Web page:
Sex offender billionaire Jeffrey Epstein settles attorney suit

    Jeffrey Epstein reaches settlement in lawsuit. (WPEC)

    Jeffrey Epstein once partied with President Donald Trump and carried former President Bill Clinton in his private plane, but the self-proclaimed Palm Beach billionaire eventually faced accusations from underage girls of sexual wrongdoing.

    On Tuesday, Epstein settled another lawsuit moments before a trial was to get underway.

    The settlement means no civil trial, and no potentially embarrassing testimony from alleged underage victims.

    But the attorneys opposing Epstein immediately outlined how they hope to help revive criminal prosecution against Epstein.

    Tuesday’s settlement came in a legal back and forth between Epstein and Bradley Edwards, one of the victim attorneys who sued Epstein and won settlements.

    Epstein sued Edwards alleging malicious prosecution, then dropped the suit. But Edwards counter-sued, the case that settled Tuesday.

    Attorneys say law enforcement investigated claims from at least 39 young women, who said they were lured to Epstein’s Palm Beach estate while they were engaged in sex acts with them.

    Federal prosecutors agreed to send the matters to state court.

    There in 2008, Epstein pleaded guilty to one count of solicitation of an underage girl for prostitution.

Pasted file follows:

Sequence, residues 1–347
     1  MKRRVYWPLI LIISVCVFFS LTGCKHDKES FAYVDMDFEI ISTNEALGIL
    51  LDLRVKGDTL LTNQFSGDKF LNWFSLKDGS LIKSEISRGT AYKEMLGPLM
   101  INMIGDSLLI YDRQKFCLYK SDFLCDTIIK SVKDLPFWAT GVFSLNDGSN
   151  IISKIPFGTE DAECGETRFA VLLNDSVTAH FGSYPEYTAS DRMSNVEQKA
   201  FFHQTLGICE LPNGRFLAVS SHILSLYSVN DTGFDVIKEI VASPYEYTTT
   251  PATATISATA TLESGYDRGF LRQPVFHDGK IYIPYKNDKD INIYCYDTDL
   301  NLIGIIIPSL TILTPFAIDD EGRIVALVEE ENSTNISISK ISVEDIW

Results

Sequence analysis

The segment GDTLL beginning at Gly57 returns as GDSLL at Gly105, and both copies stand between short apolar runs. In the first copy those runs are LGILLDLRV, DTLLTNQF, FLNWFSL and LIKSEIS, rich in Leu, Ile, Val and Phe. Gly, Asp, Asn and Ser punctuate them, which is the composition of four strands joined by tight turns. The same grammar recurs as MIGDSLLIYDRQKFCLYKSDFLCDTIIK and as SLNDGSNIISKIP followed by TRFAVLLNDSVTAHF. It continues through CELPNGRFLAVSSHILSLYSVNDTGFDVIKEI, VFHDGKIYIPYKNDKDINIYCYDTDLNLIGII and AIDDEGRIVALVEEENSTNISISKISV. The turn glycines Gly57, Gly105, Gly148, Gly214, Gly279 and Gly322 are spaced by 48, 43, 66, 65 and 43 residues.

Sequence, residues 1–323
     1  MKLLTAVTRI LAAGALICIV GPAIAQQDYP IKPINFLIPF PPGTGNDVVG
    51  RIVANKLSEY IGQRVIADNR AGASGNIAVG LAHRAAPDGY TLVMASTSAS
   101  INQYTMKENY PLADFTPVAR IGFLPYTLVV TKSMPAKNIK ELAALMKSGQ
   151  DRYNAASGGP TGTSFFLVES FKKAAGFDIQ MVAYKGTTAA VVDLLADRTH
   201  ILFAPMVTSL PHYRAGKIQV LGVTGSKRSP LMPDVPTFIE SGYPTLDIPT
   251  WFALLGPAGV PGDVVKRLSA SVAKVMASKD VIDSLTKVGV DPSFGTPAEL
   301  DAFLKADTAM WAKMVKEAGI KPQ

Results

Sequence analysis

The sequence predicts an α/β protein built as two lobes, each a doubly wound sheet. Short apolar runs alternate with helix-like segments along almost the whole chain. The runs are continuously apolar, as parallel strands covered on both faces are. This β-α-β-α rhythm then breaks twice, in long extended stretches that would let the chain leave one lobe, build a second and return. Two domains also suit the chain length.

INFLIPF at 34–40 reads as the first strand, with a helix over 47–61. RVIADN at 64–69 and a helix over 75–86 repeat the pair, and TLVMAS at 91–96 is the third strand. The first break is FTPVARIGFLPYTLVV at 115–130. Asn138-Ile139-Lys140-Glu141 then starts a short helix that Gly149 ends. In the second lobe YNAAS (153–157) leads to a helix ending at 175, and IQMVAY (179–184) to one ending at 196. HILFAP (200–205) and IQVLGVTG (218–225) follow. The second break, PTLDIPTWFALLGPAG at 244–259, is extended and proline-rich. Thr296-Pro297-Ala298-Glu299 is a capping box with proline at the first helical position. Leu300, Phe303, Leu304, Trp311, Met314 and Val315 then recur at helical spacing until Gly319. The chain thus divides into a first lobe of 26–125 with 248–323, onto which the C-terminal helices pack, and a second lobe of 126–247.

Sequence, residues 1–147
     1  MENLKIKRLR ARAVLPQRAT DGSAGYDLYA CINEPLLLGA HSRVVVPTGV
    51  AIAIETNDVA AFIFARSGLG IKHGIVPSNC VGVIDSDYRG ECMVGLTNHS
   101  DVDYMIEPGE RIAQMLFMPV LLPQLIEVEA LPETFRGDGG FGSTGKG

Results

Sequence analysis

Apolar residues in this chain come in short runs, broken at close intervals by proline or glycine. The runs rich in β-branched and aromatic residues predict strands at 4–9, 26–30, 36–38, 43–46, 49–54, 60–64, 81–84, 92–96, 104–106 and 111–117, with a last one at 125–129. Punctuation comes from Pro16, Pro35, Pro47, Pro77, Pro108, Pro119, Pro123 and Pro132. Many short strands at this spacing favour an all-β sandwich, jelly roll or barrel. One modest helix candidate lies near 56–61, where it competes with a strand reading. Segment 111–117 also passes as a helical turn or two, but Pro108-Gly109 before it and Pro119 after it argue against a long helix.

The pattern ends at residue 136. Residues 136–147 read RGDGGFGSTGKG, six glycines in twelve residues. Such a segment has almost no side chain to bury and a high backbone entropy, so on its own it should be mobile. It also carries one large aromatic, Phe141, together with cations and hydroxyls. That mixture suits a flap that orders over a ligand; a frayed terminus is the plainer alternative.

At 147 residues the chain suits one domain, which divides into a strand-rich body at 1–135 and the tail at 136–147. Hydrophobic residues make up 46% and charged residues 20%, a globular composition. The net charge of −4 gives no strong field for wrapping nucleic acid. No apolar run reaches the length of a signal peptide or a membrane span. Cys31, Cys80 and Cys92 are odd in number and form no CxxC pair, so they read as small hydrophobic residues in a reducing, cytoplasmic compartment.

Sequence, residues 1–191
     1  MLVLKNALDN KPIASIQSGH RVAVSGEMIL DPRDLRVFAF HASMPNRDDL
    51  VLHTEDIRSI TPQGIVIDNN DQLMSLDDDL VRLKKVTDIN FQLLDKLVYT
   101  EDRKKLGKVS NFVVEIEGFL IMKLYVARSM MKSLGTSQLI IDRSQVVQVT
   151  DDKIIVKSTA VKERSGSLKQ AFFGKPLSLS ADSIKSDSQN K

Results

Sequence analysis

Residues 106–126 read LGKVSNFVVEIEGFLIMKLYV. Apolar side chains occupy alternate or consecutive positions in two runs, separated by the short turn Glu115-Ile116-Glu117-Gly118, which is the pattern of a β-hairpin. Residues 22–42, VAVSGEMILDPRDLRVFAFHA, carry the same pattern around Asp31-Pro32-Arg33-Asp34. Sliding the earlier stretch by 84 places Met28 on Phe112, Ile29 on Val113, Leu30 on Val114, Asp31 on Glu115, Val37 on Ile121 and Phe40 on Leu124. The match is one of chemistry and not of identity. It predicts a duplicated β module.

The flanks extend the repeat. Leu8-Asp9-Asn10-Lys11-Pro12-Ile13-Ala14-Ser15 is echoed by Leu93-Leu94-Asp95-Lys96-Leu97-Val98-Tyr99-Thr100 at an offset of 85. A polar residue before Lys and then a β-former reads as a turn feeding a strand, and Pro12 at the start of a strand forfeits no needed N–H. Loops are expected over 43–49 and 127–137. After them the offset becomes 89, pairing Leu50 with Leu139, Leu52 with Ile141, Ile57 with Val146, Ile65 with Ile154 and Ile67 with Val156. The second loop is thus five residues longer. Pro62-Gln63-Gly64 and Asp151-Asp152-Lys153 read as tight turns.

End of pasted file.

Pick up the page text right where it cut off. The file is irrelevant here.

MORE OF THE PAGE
The plea deal gave Epstein an 18-month jail sentence.

    Epstein ended up serving 13 months, and he spent much of that time on work release, in an office near his criminal defense attorney in downtown West Palm Beach.

    “There is no precedent for a non-prosecution agreement like this,” said attorney Jack Scarola, who represented Edwards, the attorney who counter-sued Epstein in the just settled legal action.

    Scarola announced he’s joining Edwards’ effort in federal court to get the federal non-prosecution agreement with Epstein thrown out.

    “It was Jeffrey Epstein and his dream team of high powered, high-priced lawyers who insisted upon the secrecy provisions in violation of the Crime Victims Rights Act,” Scarola said.

    Scarola explained that’s the basis to throw out the agreement and potentially explore new criminal charges at the federal level.

    He believes a statute of limitations would not apply at the federal level.

    Edwards said he expects more alleged victims to come forward now in light of renewed interest in the Epstein controversy.

    “And it’s only very recently, as the climate is changing, that I’ve heard from some of these people that we recognized as witnesses a long time ago,” he said. “They’ve said, 'Look we’re really thinking about it now, because things have changed.' The focus is on the right person.”

    Epstein’s attorneys declined comment after the hearing.

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